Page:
Judicial nominees could be key to Obama’s second-term climate strategy
- 04 March 2013
By Evan Juska, Head of US Policy, The Climate Group.
The Senate confirmed Chuck Hagel as secretary of defense on Tuesday by a vote of 58-41. But his unusually contentious confirmation hearing suggests that it’s going to be tough sledding ahead for some of President Obama’s other nominees.
Of particular importance to Obama’s second-term climate policies are the pending nominations of Caitlin Halligan and Sri Srinivasan for seats on The United States Court of Appeals for the District of Columbia, also known as the D.C. Circuit.
Despite having the smallest geographic jurisdiction of any federal appellate court, the D.C. Circuit is responsible for reviewing the rulemakings of U.S. federal agencies – which means that it will determine the legality of any new greenhouse gas (GHG) emission standards coming out of the Environmental Protection Agency (EPA).
So if President Obama plans to make new EPA rules the centerpiece of his second-term climate strategy, he’s going to have to get them through the D.C. Circuit.
The current makeup of the D.C. Circuit is 4 to 3 in favor of Republican-nominated judges. And while judges don’t rule according to the positions of the party that nominated them, conventional wisdom suggests that a president’s policies are more likely to be upheld if the court is staffed with judges who share his views.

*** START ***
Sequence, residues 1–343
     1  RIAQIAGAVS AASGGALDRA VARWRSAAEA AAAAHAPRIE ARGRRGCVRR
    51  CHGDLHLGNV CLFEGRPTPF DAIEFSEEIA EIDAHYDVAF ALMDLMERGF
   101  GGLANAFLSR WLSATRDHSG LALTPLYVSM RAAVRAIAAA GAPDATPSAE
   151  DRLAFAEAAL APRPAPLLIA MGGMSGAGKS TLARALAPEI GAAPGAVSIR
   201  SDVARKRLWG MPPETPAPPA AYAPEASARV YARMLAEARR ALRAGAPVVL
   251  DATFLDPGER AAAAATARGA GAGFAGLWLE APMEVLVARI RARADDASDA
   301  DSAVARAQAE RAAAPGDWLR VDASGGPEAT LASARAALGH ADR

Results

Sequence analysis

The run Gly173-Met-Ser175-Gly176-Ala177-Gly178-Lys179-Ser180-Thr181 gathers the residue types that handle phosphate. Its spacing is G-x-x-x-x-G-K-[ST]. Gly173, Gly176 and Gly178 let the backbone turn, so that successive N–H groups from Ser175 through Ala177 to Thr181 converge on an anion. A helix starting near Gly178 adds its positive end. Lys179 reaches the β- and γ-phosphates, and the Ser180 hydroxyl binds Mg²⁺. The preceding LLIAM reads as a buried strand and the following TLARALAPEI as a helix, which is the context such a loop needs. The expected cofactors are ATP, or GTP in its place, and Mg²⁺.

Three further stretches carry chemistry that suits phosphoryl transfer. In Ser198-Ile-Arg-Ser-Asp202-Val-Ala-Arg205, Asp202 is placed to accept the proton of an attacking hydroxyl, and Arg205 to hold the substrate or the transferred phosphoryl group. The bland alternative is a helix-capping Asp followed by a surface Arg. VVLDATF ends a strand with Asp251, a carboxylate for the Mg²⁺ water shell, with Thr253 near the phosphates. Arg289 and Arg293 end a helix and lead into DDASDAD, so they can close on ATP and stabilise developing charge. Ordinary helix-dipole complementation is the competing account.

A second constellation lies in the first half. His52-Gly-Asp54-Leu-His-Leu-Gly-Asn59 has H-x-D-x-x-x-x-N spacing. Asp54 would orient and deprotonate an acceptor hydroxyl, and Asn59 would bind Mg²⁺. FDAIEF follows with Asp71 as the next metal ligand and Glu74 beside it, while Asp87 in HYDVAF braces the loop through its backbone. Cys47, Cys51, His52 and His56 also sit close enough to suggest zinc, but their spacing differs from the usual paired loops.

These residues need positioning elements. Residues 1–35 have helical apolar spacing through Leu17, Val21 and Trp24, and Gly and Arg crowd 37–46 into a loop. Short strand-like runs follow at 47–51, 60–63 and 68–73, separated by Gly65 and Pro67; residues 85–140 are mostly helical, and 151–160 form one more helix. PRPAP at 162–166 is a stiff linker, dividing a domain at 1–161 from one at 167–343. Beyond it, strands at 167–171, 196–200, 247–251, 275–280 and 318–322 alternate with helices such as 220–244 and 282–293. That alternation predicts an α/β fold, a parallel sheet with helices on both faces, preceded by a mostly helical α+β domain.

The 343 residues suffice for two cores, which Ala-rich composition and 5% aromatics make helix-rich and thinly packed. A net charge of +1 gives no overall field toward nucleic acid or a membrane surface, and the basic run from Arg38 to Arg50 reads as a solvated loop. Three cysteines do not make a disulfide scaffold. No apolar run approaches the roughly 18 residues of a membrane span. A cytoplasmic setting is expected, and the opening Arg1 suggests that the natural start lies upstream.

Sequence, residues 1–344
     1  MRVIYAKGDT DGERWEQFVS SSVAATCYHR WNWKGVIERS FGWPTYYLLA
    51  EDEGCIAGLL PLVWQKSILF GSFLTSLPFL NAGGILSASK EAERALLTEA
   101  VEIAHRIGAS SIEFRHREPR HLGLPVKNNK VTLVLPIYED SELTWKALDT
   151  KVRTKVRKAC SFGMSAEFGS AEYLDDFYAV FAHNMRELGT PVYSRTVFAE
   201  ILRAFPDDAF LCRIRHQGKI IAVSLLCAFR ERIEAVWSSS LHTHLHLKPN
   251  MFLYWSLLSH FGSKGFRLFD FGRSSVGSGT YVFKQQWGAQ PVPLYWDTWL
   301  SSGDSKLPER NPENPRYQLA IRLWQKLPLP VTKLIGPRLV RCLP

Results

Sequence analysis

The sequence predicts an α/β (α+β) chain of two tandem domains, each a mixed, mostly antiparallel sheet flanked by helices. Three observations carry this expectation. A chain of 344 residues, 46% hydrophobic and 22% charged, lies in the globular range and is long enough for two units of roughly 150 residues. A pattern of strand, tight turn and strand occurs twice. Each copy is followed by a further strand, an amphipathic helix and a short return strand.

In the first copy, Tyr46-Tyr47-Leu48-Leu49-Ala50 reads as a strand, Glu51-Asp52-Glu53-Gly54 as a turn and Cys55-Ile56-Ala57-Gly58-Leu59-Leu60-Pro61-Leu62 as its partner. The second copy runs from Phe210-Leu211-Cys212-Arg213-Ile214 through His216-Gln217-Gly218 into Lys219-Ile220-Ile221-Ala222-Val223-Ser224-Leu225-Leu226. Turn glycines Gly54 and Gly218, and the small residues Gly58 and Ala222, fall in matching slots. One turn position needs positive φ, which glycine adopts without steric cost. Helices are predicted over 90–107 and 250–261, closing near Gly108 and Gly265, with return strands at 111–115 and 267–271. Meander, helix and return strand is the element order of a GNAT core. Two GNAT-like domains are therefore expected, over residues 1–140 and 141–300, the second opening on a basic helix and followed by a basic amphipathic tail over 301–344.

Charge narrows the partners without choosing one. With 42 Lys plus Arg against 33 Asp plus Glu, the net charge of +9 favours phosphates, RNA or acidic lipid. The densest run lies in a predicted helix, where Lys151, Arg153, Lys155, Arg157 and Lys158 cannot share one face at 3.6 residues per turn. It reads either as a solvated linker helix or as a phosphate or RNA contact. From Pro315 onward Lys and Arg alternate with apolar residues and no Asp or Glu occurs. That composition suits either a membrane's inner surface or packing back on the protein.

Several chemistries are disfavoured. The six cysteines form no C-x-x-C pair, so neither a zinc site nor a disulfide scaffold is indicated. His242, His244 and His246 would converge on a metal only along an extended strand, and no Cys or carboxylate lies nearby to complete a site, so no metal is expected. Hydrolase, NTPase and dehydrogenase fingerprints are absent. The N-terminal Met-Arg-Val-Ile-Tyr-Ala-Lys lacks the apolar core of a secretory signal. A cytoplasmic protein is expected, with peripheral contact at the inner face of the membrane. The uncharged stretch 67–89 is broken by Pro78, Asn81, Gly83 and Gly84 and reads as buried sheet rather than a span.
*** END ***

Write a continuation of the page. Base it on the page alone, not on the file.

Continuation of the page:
Recent rulings by the D.C. Circuit on environmental regulations support this idea. In June 2012, a three-judge panel consisting of two Clinton nominees (Judith Rogers and David Tatel) and one Reagan nominee (David Sentelle) dismissed challenges against current GHG rules, allowing the EPA to move forward with them.
Alternatively in August 2012, the court struck down an EPA rule that required states to reduce nitrogen oxide and sulfur dioxide emissions that cross state lines – with two Bush nominees (Brett Kavanaugh and Thomas Griffith) writing the opinion, and one Clinton nominee (Judith Rogers) dissenting.
If Ms. Halligan and Mr. Srinivasan are confirmed, it would shift the D.C. Circuit’s current 4-3 Republican advantage to a 5-4 Democratic one – increasing the chance that new EPA regulations would be able to withstand legal challenges.
But the road to confirmation will be tough one.
The Senate has already filibustered Ms. Halligan’s nomination, and delayed a hearing on Mr. Srinivasan’s – making President Obama the first president in half a century to finish a full term without an appointment to the D.C. Circuit.
And if the Hagel hearing is any indication, the confirmation process isn’t getting any easier.
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